Market Snapshot: Dow falls 400 points as weak economic data undermine confidence

U.S. stocks rose on Tuesday, finding support after China moved to ease some COVID-19 restrictions, though worries about both inflation and the threat of recession were seen limiting gains.

What’s happening

The Dow Jones Industrial Average

rose 150 points, or 0.5%, to 31,589.

The S&P 500

gained 12 points, or 0.3%, to trade at 3,911.

The Nasdaq Composite

fell 19 points, or 0.2%, to 11,506.

On Monday, major indexes drifted to a modestly lower close. The S&P 500, which has slid into a bear market, is down 18% year to date,

What’s driving markets

Global equities, particularly travel stocks, got a lift Tuesday, with analysts tying support to moves by the Chinese government, which said it would shorten the quarantine time for international travelers and those who have come into close contact with COVID-19 patients to 10 days from 21 days.

Beijing will also loosen its testing requirements for people in quarantine.

Also, six of the biggest U.S. banks said they have enough capital to either maintain or hike their dividends to shareholders after setting enough aside to handle the most extreme economic conditions expected in the coming year.

Wells Fargo & Co.

and Goldman Sachs Group Inc.

both increased their payouts by 20%, while Morgan Stanley

delivered an 11% rise. Bank of America Corp.

increased its dividend by 5%, while Citigroup Inc.

and JPMorgan Chase & Co.

held their dividend flat.

“U.S. stocks are rallying after several banks boosted their dividends and China pivoted away from their strict COVID policy,” said Edward Moya, analyst at Oanda, in a note. “Wall Street seems to be close to figuring out how high central banks may take rates over in the short-term and that is supportive for long-term investors to scale into positions.”

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U.S. stocks were weighed down on Monday after a rise in bond yields. Analysts had been anticipating that month and quarter end rebalancing of portfolios would be supportive of stocks this week, though doubts over the durability of the bounce off recent lows remain.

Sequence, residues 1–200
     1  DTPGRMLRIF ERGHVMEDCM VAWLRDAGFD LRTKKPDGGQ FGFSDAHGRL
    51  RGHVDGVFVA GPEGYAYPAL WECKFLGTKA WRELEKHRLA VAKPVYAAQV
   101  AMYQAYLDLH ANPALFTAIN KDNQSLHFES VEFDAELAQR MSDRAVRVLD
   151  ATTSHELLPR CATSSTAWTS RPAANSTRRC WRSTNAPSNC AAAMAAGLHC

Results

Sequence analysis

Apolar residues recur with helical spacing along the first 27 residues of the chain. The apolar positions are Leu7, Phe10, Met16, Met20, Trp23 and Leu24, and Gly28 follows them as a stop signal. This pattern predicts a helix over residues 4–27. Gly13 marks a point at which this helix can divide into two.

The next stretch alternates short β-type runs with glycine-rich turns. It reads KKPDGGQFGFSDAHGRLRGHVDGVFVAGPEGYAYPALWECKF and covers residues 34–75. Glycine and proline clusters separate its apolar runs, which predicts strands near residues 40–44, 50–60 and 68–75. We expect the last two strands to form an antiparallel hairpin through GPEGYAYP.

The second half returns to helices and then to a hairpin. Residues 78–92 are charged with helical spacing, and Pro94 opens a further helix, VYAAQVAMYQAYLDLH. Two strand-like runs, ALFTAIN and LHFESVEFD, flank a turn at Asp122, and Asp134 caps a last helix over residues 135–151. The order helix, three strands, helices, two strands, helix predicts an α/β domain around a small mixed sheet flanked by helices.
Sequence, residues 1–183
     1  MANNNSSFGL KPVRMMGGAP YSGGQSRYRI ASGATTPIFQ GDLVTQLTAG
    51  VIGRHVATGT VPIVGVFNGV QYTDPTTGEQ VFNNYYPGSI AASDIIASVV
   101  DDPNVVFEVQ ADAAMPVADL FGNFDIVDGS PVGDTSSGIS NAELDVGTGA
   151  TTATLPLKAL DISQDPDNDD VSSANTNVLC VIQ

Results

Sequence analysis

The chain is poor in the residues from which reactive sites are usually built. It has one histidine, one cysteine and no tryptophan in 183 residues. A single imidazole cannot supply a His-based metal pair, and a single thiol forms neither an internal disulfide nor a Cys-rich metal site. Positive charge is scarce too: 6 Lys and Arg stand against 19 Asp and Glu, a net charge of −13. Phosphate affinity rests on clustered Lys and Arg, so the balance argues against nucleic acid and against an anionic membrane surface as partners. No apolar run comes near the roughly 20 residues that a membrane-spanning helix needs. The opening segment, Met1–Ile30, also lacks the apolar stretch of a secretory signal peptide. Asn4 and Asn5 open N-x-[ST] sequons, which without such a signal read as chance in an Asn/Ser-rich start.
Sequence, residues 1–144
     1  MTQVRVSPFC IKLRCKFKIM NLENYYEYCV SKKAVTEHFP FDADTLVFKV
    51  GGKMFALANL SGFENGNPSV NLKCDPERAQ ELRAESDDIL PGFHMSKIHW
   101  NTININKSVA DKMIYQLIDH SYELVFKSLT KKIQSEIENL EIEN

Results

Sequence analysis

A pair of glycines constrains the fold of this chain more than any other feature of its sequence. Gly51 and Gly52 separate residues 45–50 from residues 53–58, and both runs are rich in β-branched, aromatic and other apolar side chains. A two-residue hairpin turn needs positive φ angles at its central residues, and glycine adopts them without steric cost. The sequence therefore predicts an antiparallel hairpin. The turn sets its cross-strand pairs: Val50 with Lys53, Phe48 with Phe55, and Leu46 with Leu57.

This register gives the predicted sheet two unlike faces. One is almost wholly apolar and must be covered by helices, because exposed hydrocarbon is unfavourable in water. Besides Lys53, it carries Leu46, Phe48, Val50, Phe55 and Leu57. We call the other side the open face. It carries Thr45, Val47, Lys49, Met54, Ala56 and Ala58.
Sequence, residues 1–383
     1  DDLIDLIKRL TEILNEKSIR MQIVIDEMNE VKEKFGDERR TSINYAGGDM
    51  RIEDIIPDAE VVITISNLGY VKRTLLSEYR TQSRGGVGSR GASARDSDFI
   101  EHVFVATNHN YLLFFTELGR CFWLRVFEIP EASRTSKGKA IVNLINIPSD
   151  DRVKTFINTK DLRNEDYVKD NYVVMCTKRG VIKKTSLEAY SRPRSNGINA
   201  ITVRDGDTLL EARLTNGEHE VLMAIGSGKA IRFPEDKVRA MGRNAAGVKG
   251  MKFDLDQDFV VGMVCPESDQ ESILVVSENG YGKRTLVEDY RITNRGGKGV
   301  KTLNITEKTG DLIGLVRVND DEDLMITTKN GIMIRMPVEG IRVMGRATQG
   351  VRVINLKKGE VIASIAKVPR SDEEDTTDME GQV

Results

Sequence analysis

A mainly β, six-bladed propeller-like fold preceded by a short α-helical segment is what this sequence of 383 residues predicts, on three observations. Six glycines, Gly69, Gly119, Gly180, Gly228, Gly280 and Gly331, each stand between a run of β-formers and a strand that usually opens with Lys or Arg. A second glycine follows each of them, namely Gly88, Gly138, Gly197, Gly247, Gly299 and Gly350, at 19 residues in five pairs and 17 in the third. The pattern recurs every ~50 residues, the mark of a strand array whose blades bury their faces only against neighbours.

“It is difficult to draw any concrete conclusions so close to quarter end, when rebalancing flows are muddying the waters,” said Marios Hadjikyriacos, senior investment analyst at XM.

The yield on the 10-year Treasury note BX:TMUBMUSD10Y rose 2.9 basis points to 3.222%. Yields and debt prices move opposite each other.

New York Fed President John Williams, in a television interview, said he expected the U.S. economy would see a slowdown but not a recession as the central bank aggressively tightens monetary policy in an effort to rein in inflation. Williams said he expected policy makers to debate whether to hike rates by another 50 or 75 basis points when they meet in July, after delivering a 75 basis point increase this month — the largest since 1994.

Data showed the U.S. trade deficit in goods narrowed by 2.2% in May to $104.3 billion.

The S&P CoreLogic Case-Shiller 20-city index posted a 21.2% year-over-year gain in April, up slightly from 21.1% in the previous month. In April, the 20-month index rose a seasonally adjusted 2.3%. A separate report from the Federal Housing Finance Agency showed a 1.6% monthly gain. And over the last year, the FHFA index was up 18.8%.

The Conference Board’s consumer-confidence index dropped in June to a 16-month low of 98.7, as Americans grew more worried about high gas and food prices and the health of the economy. Economists polled by The Wall Street Journal had forecast the index to drop to 100 from a revised 103.2 in May.

Companies in focus

Nike Inc. NKE shares fell 4% after the apparel maker beat earnings estimates but was cautious on margins and on China in particular. But Chinese stocks advanced after a loosening of quarantine requirements in the world’s second-largest economy.

JetBlue Airways Corp.

once again raised its offer for discount carrier Spirit Airways Inc.

as it attempts to outbid rival Frontier Group Holdings Inc.
JetBlue shares rose 3.3%, Spirit shares gained 2.6% and Frontier shares were up 3% amid a positive tone across the airline sector. The popular U.S. Global Jets ETF

rose 3.5%.

Other assets

The ICE U.S. Dollar Index
a measure of the currency against a basket of six major rivals, rose 0.5%.


was up 0.5% near $20.850.

Oil futures rose, with the U.S. benchmark

up 0.6% above $110 a barrel. Gold futures

were little changed near $1,825 an ounce.

The Stoxx Europe 600

rose 0.7%, while London’s FTSE 100

advanced 1.3%.

The Shanghai Composite

and Hong Kong’s Hang Seng Index

each ended 0.9% higher, while Japan’s Nikkei 225

rose 0.7%.

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